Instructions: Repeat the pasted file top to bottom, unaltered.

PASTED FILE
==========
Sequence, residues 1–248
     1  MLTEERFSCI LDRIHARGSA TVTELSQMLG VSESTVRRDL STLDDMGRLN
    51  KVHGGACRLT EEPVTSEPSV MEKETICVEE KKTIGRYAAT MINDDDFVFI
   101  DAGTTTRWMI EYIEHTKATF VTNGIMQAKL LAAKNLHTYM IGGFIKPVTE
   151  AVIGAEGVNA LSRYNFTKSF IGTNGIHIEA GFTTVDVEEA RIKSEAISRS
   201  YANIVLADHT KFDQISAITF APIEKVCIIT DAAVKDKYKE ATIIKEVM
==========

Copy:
Sequence, residues 1–248
     1  MLTEERFSCI LDRIHARGSA TVTELSQMLG VSESTVRRDL STLDDMGRLN
    51  KVHGGACRLT EEPVTSEPSV MEKETICVEE KKTIGRYAAT MINDDDFVFI
   101  DAGTTTRWMI EYIEHTKATF VTNGIMQAKL LAAKNLHTYM IGGFIKPVTE
   151  AVIGAEGVNA LSRYNFTKSF IGTNGIHIEA GFTTVDVEEA RIKSEAISRS
   201  YANIVLADHT KFDQISAITF APIEKVCIIT DAAVKDKYKE ATIIKEVM